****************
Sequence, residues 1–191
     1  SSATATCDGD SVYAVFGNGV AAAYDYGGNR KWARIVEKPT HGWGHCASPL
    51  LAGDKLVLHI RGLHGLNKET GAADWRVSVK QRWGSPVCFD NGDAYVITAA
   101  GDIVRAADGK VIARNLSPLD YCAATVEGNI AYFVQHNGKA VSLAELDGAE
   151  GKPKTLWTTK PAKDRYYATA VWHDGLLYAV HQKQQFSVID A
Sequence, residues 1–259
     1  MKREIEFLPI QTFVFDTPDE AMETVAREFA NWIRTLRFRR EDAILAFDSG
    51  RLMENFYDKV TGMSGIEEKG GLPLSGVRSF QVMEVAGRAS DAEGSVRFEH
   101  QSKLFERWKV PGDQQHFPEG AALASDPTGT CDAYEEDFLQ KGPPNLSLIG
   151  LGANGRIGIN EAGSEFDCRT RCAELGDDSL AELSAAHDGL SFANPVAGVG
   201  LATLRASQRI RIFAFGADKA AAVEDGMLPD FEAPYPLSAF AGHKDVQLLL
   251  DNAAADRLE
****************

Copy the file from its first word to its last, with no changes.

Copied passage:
Sequence, residues 1–191
     1  SSATATCDGD SVYAVFGNGV AAAYDYGGNR KWARIVEKPT HGWGHCASPL
    51  LAGDKLVLHI RGLHGLNKET GAADWRVSVK QRWGSPVCFD NGDAYVITAA
   101  GDIVRAADGK VIARNLSPLD YCAATVEGNI AYFVQHNGKA VSLAELDGAE
   151  GKPKTLWTTK PAKDRYYATA VWHDGLLYAV HQKQQFSVID A
Sequence, residues 1–259
     1  MKREIEFLPI QTFVFDTPDE AMETVAREFA NWIRTLRFRR EDAILAFDSG
    51  RLMENFYDKV TGMSGIEEKG GLPLSGVRSF QVMEVAGRAS DAEGSVRFEH
   101  QSKLFERWKV PGDQQHFPEG AALASDPTGT CDAYEEDFLQ KGPPNLSLIG
   151  LGANGRIGIN EAGSEFDCRT RCAELGDDSL AELSAAHDGL SFANPVAGVG
   201  LATLRASQRI RIFAFGADKA AAVEDGMLPD FEAPYPLSAF AGHKDVQLLL
   251  DNAAADRLE